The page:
In the preceding section, you saw that a module must require another module if it wants to use its packages. However, that does not automatically make all packages in the required module available. A module states which of its packages are accessible, using the exports keyword. For example, here is a part of the module declaration for the java.xml module:
This module makes many packages available, but hides others (such as jdk.xmt.internat) by not exporting them.
When a package is exported, its pubtic and protected classes and interfaces, and their pubtic and protected members, are accessible outside the module. (As always, protected types and members are accessible only in subclasses.)
However, a package that is not exported is not accessible outside its own module. This is quite different from Java before modules. In the past, you were able to use public classes from any package, even if it was not part of the public API. For example, it was commonly recommended to use classes such as sun.misc.BASE64Encoder or com.sun.rowset.CachedRowSetlmpl when the public API did not provide the appropriate functionality.
Nowadays, you can no longer access unexported packages from the Java platform API since all of them are contained inside modules. As a result, some programs will no longer run with Java 9. Of course, nobody ever committed to keeping non-public APIs available, so this should not come as a shock.
Let us put exports to use in a simple situation. We will prepare a module com.horstmann.greet that exports a package, also called com.horstmann.greet, following the convention that a module that provides code for others should be named after the top-level package inside it. There is also a package com.horstmann.greet .internal that we don’t export.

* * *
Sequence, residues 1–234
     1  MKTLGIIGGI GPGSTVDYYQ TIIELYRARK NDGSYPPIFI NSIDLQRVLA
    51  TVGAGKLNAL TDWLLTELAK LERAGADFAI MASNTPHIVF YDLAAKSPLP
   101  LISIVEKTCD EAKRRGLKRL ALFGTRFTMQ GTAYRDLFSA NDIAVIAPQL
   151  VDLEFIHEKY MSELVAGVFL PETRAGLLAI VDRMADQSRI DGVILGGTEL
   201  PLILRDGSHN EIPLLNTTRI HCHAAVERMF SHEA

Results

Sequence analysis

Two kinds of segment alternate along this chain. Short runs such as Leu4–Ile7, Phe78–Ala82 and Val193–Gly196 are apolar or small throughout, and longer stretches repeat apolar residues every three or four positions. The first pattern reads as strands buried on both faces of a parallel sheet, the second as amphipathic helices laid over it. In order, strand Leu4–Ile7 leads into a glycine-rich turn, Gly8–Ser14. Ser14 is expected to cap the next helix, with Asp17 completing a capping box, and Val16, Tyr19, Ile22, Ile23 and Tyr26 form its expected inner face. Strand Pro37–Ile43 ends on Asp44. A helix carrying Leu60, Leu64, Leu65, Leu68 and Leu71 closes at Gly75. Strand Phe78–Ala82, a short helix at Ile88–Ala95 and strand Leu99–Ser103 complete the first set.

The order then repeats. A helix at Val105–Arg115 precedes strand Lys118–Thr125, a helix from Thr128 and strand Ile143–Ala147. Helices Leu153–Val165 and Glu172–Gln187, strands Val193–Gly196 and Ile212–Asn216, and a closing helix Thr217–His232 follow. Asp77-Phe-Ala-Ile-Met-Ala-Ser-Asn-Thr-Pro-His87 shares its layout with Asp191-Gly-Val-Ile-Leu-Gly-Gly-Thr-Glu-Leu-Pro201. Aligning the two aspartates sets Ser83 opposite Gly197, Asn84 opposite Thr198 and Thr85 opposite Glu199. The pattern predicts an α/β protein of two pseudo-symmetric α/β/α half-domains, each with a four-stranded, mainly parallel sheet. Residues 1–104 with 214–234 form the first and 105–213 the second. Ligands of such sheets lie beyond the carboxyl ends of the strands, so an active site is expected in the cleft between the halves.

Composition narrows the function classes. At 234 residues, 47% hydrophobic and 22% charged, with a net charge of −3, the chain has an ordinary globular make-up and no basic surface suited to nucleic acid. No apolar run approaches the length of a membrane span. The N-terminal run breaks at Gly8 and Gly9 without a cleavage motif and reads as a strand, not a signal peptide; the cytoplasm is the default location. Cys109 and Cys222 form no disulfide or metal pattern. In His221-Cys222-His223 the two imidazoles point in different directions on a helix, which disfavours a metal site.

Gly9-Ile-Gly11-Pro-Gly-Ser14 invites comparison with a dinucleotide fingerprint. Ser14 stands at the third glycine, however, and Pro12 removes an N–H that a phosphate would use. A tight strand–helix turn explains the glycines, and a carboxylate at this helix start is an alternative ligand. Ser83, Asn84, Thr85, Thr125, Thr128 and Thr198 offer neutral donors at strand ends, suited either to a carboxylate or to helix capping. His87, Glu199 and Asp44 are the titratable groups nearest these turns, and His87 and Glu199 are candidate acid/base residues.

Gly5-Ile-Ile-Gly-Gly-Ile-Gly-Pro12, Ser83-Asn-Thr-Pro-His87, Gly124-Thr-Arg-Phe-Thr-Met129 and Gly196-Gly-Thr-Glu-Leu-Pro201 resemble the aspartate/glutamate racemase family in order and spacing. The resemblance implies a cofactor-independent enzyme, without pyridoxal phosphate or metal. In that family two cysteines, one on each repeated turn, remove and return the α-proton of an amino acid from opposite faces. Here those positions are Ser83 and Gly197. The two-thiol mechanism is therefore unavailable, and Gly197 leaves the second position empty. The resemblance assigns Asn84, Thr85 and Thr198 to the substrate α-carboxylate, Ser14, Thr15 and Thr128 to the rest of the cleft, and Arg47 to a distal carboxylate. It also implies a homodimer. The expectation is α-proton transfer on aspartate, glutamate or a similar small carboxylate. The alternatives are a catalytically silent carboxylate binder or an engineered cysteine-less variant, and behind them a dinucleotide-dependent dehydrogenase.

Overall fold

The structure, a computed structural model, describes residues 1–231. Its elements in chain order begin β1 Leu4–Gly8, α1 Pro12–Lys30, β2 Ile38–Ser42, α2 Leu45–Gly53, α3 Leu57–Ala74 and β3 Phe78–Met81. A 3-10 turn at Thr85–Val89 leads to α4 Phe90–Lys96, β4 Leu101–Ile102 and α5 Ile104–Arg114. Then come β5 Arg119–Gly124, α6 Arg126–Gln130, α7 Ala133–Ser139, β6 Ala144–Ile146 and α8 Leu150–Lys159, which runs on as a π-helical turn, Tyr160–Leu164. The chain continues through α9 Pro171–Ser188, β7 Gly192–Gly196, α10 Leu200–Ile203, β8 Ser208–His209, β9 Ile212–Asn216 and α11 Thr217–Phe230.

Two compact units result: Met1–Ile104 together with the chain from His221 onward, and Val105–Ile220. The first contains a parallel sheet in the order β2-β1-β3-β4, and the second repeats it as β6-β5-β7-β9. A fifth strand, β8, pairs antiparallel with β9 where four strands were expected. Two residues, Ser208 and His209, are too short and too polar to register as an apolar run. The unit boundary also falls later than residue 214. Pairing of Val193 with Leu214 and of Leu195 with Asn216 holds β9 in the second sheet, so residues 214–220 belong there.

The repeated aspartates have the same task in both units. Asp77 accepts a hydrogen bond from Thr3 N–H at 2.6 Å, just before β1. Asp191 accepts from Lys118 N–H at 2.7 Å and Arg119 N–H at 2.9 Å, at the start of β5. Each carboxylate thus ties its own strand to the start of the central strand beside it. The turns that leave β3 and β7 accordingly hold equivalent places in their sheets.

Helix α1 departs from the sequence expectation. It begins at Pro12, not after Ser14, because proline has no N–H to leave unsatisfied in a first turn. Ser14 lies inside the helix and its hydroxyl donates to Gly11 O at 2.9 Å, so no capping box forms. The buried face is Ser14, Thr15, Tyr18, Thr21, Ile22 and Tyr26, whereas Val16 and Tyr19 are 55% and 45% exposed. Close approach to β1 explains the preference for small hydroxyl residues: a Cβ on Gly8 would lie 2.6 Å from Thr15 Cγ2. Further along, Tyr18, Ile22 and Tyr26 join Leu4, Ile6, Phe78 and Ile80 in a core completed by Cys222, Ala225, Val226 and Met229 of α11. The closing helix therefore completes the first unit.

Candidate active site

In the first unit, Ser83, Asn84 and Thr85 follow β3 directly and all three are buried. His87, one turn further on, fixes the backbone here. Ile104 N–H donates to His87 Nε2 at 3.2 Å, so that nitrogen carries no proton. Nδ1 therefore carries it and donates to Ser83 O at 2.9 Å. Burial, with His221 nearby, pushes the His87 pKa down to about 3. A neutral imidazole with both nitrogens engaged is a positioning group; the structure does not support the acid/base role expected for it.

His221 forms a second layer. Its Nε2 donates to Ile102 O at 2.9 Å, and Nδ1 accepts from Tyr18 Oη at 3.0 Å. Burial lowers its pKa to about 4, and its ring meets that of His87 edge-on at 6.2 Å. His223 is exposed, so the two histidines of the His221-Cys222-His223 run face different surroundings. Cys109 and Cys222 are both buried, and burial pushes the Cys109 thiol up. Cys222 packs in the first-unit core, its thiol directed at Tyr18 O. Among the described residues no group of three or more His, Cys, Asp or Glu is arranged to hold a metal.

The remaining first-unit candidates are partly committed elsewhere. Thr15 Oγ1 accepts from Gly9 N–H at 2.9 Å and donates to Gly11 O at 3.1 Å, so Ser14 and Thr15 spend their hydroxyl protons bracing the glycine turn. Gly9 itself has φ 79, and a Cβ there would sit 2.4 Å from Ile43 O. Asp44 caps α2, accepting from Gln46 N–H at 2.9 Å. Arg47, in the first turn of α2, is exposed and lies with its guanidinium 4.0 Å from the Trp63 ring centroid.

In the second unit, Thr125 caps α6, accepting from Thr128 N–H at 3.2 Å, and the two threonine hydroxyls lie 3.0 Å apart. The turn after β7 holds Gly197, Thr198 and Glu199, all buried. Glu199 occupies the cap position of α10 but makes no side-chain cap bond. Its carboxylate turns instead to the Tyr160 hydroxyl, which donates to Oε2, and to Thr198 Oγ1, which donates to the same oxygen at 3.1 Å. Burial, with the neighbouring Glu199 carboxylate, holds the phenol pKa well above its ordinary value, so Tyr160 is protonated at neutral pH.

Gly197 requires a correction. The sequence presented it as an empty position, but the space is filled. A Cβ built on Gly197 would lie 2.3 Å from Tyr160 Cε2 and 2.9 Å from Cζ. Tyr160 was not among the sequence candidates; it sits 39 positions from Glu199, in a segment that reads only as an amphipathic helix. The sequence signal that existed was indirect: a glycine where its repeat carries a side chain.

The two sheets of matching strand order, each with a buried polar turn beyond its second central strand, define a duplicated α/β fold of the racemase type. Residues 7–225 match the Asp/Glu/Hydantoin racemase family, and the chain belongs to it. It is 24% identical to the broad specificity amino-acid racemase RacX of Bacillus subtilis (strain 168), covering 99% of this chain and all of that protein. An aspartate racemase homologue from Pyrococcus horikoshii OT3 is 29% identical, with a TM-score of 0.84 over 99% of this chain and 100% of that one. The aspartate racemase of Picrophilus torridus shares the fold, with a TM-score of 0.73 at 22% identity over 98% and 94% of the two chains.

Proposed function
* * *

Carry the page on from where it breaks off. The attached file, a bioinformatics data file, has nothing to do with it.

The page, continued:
A public Greeter interface is in the first package.
public interface Greeter
static Greeter newInstance()
return new com.horstmann.greet.internal.GreeterImpl();
String greet(String subject);
The second package has a class that implements the interface. The class is public since it is accessed in the first package.
public class GreeterImpl implements Greeter
public String greet(String subject)
return “Hello, ” + subject + “!”;
The com.horstmann.greet module contains both packages but only exports the first:
The second package is inaccessible outside the module.
We put our application into a second module, which will require the first module:
public class HelloWorld
public static void main(String args)
Greeter greeter = Greeter.newInstance();
Here is the source file structure for these two modules:
To build this application, first compile the com.horstmann.greet module:
javac com.horstmann.greet/modute-info.java \
Then compile the application module with the first module on the module path:
javac -p com.horstmann.greet v2ch09.exportedpkg/modute-info.java \
Finally, run the program with both modules on the module path:
java -p v2ch09.exportedpkg:com.horstmann.greet \
You have now seen the requires and exports statements that form the backbone of the Java Platform Module System. As you can see, the module system is conceptually simple. Modules specify what modules they need, and which packages they offer to other modules. Section 9.12, “Qualified Exporting and Opening,” on p. 521 shows a minor variation of the exports statement.
Source: Horstmann Cay S. (2019), Core Java. Volume II – Advanced Features, Pearson; 11th edition.